Lately I have been suffering with the worse anxiety I have ever had. After a crisis I am left mentally exhausted and unfit for work. Instead of wallowing in self pity I wanted to write a list for my anxious self to follow; so I did. You can have it too, as and when you need it.
1. Listen to other people. Be observant and take notice of the good things people say about you. If different people are telling you the same things, particularly good things or things to work on, the opinion tends to be fact. People are ultimately good, and so are you despite your tendency to overthink and second guess. Just take stock of what has been said, and work on believing it. It is an incredibly difficult process and may take a lifetime, but it is the most necessary part of coping.
2. It is okay not to be okay, but it is also okay to be okay. It is important to realise that being okay and not okay are two different states of being you are entirely capable of. Do not, however, get sucked into being okay as a life norm. A lot of anxiety sufferers are empaths as well as overthinkers, so feeling someone else’s pain is as real as feeling your own. Make sure you put your own thoughts first as leeching others is toxic. You must realise you cannot be there for everyone, and saying no is better than saying yes.
3. Following from the above, cut the toxic relationships that assist with feeling not okay from your life. From family and friends down to relationships of a romantic nature, cut them if they are causing anxiety in a negative way. Anxiety, in relationships, is the norm. Overthinking can be present, but a good relationship is one where reassurance is provided when you need it. If the other party is not providing such or creating a constant source of doubt, then there is no harm in letting go but no harm if you don’t. Realise your worth, if people are getting to you, tell them. If they appear truthful or honest in response, sit down and work out ways you can improve your communication and lessen your own overthinking. If the response appears wholly negative and leaves you feeling worse – consider this. Use your worth to think if the relationship is one that provides with contentment and joy or not.
4. Say what is on your mind. If it is to a specific person, about a specific thing – say it. Thoughts can be all consuming and are better out of your head than in it. The response then becomes easier to digest and discuss than letting the potential outcomes eat away at you. The worst that could happen is exactly that.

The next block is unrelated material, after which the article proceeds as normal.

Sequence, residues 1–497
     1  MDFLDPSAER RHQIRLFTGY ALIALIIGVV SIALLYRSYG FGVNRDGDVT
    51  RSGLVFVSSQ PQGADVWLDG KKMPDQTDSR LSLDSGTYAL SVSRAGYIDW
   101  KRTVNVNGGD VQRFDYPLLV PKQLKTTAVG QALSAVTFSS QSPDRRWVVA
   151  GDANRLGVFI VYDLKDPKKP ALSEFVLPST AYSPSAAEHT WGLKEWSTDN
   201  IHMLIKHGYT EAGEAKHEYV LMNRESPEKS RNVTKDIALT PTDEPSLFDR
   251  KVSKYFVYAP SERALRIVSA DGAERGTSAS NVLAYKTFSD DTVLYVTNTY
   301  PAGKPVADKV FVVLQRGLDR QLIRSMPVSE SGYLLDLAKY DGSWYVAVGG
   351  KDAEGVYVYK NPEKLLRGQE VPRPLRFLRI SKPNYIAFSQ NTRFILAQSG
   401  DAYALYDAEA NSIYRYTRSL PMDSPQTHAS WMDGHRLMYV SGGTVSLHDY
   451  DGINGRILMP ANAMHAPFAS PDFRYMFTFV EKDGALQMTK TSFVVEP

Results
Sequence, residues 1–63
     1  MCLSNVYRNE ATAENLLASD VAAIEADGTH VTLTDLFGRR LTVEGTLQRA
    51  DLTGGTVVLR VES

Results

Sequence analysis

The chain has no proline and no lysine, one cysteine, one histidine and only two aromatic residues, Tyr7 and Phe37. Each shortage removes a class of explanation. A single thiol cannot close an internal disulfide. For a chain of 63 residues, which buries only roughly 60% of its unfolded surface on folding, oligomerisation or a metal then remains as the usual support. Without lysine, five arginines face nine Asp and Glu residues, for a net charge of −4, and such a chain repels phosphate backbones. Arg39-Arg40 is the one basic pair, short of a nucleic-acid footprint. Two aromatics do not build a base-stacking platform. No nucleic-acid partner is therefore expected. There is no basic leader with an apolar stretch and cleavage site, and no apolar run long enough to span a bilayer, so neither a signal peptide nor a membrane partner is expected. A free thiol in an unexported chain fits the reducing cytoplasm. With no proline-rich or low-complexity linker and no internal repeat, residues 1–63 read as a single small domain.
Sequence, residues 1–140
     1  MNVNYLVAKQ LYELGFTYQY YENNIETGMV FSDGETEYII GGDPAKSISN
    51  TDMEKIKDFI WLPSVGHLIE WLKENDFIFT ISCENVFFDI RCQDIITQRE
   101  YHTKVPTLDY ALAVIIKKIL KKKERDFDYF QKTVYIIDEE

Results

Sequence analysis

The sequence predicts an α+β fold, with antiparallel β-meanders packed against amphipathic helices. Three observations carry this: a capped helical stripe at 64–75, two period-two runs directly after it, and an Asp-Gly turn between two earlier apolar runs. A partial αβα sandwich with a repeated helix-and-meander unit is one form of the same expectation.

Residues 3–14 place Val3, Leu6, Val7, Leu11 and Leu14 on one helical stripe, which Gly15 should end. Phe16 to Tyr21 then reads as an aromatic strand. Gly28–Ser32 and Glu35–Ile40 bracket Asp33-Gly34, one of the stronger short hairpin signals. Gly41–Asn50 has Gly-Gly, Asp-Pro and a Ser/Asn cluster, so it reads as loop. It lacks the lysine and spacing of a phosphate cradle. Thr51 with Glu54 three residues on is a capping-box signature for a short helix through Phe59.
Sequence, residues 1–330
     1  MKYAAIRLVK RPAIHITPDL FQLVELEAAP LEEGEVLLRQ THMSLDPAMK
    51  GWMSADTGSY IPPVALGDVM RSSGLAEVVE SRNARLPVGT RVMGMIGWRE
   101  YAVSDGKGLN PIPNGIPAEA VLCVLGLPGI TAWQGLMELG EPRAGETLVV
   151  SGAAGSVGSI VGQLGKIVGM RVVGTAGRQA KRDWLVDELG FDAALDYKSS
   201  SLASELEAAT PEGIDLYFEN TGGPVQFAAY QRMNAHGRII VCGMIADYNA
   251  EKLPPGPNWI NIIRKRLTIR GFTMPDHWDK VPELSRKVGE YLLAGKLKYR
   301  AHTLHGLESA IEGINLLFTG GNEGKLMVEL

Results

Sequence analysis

5. The present is your friend. You cannot change the past; the future is uncertain and can eat away at you with its lack of concrete grounding. The past has happened. It can be hard to make peace with it, but trying to do so helps you quell its perturbing nature. If it leaves you with scars, find positive ways of healing them. Yoga, meditation, exercise, reading, writing, find a hobby. Deal with the past in expressive ways. Inasmuch, the future’s uncertainty is enough to freak anyone out. But living each day in the present informs the future you of your intentions. Uncertainty breeds overthinking. Ground yourself in the present and battle this.
6. Have a strategy. If you find yourself overthinking to the point of spiral and panic, you need a strategy . Having one reliable person in your place of work, teaching, school or whatever group you are in is a great technique of immediate short term assistance. With one codeword or sign that communicates that you are in need of help, you can seek immediate comfort. Give your signal and remove yourself from the situation to calm yourself, regroup and rebuild. If you are alone, seek a happy place or song. Even a memory locked away in your mind can do the same. Control your breathing and focus on you. Scan your body and surroundings. Above all, tell yourself you’re going to be okay. The anxious mind feeds off irrational and illogical thoughts. Focus, worry about them, if need be, informed by the context. Look at the wider picture. WHY are you worrying about them. WHAT NOW should I be focussing on instead. Baby steps. One at a time. You’ll be fine.
7. Seek help. Perhaps the most important. If your quality of life is at rock bottom or feeling unimportant to the world, now is your time to fight. Heading to your GP or hospital, talking with a close one, phoning a helpline or even 999 us better than talking and thinking yourself into a black hole. Confronting these thoughts are terrifying but wholly necessary. I know it is scary to talk about these thoughts, but if you want to feel more self worth and stifle the anxiety, you simply are going to have too. That is life. Besides, there is no judgement. Human beings are capable of great deals of empathy and love if they are close to you. Furthermore, there is nothing wrong with taking medication, although you may not want to wander down that lane. It can be highly beneficial. Outside of the NHS and private healthcare, there are a myriad of services designed to sit you down and talk about YOU. They are a call or google away.
8. The best version of you is your current you. Ignore what social media and its idealistic, unrealistic bias shows you. Sometimes all you can do is have a day. Have one day. That is sometimes your greatest achievement. Getting out of bed and having a day is the best thing you can ever do. On those days, read this list. Everything is temporary; it will pass. Someone told me not to exclude myself from the belief that every person can be great and are capable of amazing things. They are right. Your self worth is important, so on the days you do not want to move, breathe or even live, look at your list of what people say about you and seek the truth in it.
The best version of you, is you.